About two weeks ago, Tania, myself, our friends Chris & Manfred went down to Mumbai for the weekend. It was a chance to get out of Delhi & to see Tania's old stomping ground.
We stayed at the lovely Taj Palace hotel: overlooking the "Gateway to India".
If the place looks familiar, it should. The Taj Palace was one of the hotels targetted in the 2008 terrorist attacks.
On our first night, we went to a very famous restaurant for dinner. The place is called "Bademiya" & is located on Tulloch Rd....just behind the hotel. It's not really a restauarant in the true sense....more like two "stalls" on the side of the street: one stall preparing the best middle-eastern style kebabs in India (apparantly, folks from the Middle East come here specifically to try the kebabs); the other stall prepares the breads.
The place is also known by another name: rat alley. This night we didn't have rats crawling under our feet, but we did have a lovely cat wanting some attention from us.
When you first get there, there is just a mass of people in the street. Then you notice that the footpaths have tables set up on them & they are all filled with people tucking into a meal of some description. Cars pull up onto the side of the footpath; someone comes up to take their order, it's delivered, they sit in the car, eating away. Once they're finished, their plates are taken away, they are offered a hand washing service; they drive off & another car comes in to take their place.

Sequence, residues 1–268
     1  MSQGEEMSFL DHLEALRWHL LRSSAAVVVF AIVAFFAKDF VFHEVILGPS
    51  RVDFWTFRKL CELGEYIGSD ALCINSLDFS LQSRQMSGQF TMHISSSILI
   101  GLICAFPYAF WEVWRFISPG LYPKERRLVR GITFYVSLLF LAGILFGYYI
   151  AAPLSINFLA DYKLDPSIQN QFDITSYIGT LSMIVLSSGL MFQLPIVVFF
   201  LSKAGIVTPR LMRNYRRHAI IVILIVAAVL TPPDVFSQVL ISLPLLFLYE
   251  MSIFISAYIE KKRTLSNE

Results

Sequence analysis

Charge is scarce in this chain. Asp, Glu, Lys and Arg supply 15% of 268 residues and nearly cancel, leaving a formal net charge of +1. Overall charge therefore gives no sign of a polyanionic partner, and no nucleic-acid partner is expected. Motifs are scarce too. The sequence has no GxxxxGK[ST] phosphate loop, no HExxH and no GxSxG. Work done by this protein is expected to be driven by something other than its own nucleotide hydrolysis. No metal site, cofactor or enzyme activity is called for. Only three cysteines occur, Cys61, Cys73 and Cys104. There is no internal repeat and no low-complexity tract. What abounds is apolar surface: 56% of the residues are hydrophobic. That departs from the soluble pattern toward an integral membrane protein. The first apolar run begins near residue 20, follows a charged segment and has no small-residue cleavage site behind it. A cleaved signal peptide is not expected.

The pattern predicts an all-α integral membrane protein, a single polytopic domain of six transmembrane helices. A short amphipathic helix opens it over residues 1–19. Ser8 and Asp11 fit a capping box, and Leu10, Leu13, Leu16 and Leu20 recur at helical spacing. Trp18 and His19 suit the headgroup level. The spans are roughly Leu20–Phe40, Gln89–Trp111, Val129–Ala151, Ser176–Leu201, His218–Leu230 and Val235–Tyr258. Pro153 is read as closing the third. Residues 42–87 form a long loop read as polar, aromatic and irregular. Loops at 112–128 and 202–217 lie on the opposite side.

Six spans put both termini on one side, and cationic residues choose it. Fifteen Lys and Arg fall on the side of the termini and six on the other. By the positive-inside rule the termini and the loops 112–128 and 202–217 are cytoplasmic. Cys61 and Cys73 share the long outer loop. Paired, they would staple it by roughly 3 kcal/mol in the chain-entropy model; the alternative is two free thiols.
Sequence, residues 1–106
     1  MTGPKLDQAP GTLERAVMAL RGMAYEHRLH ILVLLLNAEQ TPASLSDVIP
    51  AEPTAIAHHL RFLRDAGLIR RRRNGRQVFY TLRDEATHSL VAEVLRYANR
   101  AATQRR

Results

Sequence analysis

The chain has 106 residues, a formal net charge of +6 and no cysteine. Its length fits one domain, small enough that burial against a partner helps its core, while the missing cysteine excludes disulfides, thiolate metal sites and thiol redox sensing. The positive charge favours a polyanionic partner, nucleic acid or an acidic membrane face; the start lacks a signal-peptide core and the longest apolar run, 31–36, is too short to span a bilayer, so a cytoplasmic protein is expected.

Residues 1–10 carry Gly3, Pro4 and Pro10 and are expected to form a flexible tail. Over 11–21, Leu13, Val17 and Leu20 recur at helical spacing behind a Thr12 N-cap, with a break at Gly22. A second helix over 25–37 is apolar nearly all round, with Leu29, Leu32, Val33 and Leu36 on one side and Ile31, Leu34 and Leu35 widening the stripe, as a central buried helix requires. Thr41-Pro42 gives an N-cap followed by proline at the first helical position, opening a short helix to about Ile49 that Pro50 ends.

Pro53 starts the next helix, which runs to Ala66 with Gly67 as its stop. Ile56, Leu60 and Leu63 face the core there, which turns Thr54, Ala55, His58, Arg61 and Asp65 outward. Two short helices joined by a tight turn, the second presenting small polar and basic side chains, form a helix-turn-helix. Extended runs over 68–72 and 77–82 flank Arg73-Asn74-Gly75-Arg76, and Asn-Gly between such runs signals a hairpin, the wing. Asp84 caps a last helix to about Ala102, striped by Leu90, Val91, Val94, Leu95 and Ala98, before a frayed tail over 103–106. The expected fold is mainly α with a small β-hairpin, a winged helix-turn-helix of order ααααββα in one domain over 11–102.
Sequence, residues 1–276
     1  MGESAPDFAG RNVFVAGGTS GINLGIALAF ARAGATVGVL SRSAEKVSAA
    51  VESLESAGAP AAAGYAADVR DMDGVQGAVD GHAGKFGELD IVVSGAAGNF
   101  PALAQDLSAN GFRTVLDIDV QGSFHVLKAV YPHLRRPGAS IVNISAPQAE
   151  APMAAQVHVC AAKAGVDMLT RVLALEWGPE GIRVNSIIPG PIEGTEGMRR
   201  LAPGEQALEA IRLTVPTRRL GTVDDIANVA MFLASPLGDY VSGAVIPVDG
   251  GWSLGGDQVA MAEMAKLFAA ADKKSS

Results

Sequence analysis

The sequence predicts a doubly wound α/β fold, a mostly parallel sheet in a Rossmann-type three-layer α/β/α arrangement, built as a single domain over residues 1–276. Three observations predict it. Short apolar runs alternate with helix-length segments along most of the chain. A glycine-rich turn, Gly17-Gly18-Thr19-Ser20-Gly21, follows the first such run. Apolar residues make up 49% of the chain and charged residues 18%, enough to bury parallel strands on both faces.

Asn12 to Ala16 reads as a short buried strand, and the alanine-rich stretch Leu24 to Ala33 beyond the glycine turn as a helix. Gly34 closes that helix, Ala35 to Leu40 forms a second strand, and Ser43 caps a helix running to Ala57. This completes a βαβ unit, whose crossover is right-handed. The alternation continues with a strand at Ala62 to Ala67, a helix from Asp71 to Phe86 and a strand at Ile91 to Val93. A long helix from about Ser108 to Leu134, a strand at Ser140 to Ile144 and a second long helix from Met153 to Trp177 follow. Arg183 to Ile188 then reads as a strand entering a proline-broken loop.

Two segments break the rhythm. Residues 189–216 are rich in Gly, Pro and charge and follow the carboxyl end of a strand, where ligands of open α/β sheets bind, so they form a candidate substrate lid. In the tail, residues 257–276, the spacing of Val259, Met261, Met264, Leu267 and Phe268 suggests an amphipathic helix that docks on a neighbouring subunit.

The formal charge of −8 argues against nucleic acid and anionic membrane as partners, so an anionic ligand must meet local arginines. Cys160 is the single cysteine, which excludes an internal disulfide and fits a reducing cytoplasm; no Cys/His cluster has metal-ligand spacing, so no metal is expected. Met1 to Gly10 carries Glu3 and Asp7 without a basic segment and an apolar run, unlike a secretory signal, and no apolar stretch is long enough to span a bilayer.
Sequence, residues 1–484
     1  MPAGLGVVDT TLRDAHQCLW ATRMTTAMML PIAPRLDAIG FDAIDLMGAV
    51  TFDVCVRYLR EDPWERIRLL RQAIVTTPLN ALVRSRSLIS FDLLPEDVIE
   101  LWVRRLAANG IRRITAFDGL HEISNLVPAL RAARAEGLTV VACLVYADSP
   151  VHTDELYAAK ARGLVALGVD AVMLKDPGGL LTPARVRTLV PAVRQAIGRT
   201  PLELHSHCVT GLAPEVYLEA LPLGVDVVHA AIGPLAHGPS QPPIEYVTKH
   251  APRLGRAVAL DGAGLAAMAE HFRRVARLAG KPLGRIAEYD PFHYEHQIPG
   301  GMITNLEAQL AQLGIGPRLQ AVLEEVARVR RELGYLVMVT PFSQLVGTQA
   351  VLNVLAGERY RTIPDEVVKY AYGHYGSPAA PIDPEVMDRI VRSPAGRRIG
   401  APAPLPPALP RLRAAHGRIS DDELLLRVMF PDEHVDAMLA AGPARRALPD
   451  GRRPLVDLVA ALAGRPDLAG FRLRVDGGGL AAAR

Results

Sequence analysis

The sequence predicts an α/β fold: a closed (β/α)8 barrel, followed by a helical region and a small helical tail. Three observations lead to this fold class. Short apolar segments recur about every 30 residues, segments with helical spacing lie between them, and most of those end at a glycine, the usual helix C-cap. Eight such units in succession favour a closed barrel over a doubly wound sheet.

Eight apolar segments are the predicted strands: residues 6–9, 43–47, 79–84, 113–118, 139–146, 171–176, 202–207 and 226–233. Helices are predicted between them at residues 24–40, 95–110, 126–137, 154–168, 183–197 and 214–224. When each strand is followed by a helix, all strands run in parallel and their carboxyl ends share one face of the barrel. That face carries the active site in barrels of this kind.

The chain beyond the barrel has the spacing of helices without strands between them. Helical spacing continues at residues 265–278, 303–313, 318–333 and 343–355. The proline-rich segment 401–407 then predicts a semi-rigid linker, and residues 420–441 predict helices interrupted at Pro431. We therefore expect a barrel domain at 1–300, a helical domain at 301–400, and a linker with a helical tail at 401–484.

Others simply drive their car up, get out, order their meal & eat their meal on the hood of the car. It's quite amazing to watch this "mass of humanity" tucking into kebabs !!
We ordered a few serves of the kebabs, some paneer, bread & a version of butter chicken which was really quite tasty. Between four of us, the meal cost us Rs 1100. It was the best value for money meal: it was filling, it tasted great & it didn't make us sick.
We finished the evening at one of the hotel's bars...drinking the cocktail "From the Sea - 1933" (a cocktail specific to the hotel..comes complete with a waiter giving you a personal explanation of the history of the cocktail)